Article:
Extracellular Zinc Protects Against Acidosis-Induced Injury of Cells Expressing Ca2+-Permeable Acid-Sensing Ion Channels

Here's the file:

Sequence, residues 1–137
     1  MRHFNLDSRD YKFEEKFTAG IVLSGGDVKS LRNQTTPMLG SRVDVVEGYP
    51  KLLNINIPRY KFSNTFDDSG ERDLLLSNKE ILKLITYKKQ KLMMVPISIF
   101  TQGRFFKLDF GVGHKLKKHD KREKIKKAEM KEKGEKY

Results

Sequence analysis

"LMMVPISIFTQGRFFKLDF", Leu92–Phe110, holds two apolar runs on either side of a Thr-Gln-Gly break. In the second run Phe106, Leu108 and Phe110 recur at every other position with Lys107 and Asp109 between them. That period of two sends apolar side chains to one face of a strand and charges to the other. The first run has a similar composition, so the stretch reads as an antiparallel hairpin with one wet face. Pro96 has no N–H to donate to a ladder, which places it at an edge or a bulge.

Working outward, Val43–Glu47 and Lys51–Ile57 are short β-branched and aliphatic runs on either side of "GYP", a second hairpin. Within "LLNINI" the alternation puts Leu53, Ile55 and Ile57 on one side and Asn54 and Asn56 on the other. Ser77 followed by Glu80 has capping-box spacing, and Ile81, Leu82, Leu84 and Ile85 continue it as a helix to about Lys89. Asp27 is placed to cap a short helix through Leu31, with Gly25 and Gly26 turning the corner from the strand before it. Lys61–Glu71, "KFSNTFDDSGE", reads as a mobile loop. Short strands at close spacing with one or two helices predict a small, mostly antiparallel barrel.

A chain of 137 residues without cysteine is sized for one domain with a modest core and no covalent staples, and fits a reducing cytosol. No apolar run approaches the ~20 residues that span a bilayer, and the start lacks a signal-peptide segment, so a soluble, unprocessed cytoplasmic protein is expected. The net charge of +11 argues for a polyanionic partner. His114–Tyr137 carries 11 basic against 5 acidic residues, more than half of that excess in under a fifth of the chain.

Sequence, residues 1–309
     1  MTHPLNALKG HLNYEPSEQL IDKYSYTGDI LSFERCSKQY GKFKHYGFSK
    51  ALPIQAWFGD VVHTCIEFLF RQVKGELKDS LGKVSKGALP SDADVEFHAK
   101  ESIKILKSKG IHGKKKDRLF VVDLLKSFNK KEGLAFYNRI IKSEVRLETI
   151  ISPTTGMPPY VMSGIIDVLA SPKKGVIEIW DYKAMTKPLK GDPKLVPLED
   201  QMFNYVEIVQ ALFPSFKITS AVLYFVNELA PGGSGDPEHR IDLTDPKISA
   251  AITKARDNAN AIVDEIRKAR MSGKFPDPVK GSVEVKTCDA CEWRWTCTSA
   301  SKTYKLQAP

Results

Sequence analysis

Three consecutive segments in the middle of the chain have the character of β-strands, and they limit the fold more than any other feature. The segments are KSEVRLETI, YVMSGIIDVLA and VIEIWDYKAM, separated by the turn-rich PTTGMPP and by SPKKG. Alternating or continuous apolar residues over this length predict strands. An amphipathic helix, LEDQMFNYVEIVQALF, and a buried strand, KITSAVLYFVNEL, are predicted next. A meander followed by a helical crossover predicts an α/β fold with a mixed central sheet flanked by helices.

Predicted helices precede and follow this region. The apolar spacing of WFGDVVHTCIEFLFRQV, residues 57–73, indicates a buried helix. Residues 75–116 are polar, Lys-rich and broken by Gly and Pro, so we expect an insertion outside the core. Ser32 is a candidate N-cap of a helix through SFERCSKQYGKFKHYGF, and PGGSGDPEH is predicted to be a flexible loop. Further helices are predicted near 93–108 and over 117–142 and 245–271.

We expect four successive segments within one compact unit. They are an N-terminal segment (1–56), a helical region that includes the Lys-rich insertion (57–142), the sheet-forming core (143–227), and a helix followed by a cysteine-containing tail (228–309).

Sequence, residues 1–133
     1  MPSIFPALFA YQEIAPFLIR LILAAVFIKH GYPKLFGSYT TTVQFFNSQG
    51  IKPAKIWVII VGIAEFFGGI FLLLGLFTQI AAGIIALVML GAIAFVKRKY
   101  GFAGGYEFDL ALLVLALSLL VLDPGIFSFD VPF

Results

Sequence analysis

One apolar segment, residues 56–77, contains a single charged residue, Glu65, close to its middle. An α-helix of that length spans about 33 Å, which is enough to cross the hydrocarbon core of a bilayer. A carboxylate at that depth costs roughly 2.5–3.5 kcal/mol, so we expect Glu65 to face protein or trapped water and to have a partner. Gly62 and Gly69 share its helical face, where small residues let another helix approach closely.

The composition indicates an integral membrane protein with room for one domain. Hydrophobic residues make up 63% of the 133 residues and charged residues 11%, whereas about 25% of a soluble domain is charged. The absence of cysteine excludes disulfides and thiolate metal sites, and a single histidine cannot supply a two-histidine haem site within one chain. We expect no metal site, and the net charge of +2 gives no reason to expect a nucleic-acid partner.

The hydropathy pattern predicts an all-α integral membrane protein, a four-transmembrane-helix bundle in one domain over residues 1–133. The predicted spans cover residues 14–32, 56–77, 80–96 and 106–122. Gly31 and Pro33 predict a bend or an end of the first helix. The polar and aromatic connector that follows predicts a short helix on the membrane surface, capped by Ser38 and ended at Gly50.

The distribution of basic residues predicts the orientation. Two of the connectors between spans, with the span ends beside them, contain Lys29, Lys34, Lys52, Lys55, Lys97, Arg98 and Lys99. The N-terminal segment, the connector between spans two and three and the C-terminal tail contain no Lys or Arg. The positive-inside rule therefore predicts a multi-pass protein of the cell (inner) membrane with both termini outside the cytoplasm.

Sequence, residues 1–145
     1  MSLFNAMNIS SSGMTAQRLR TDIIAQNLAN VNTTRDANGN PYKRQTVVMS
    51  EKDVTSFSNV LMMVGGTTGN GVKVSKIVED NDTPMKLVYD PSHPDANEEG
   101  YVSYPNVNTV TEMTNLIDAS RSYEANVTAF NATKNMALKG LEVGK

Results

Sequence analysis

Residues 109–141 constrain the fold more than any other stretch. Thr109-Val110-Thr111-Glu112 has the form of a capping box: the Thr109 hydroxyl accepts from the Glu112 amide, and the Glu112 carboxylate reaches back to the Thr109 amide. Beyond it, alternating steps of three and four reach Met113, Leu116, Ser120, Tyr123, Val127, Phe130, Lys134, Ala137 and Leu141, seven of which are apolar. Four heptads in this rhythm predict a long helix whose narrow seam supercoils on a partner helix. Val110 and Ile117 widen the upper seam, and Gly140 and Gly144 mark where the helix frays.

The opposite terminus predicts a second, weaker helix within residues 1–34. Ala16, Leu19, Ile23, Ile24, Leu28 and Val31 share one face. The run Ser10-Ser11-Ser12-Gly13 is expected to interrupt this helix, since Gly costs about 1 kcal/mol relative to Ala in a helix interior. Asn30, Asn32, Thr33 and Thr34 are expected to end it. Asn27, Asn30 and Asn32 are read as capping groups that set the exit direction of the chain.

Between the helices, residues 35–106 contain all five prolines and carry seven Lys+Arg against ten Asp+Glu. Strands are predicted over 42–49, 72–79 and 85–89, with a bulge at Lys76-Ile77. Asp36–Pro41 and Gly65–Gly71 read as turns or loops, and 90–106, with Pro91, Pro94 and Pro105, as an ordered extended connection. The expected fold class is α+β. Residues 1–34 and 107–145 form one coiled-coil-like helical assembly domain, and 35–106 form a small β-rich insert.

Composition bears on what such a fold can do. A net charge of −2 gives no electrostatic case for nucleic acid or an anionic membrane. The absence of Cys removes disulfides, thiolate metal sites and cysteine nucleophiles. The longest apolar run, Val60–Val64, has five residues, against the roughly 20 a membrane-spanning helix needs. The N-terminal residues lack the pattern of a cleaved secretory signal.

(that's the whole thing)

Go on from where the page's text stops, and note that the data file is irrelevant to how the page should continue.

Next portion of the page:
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Acidosis is a common feature of neurological conditions including brain ischemia, epileptic seizures, and neurotrauma. Activation of Ca2+-permeable acid-sensing ion channels (ASIC1a) is involved in acidosis-mediated ischemic brain injury. Zn2+ is a divalent cation concentrated in nerve terminals in various brain regions, and is released into the extracellular space during excitatory stimulation. Our previous studies have demonstrated that the activities of ASIC1a containing channels and acid-induced increased intracellular Ca2+ concentrations are inhibited dramatically by the physiological concentration of extracellular Zn2+. In this report, we demonstrate that decreasing the concentration of the extracellular Zn2+ significantly enhances acid-induced injury of HEK 293 cells, a cell line expressing homomeric ASIC1a-like channels, whereas increasing the concentration of extracellular Zn2+ appears to be protective. Although increased concentrations of intracellular Zn2+ have been shown to be detrimental to neurons, our findings may suggest that the physiological concentration of extracellular Zn2+ might play a protective role in acidosis-induced, ASIC1a-mediated neuronal injury.

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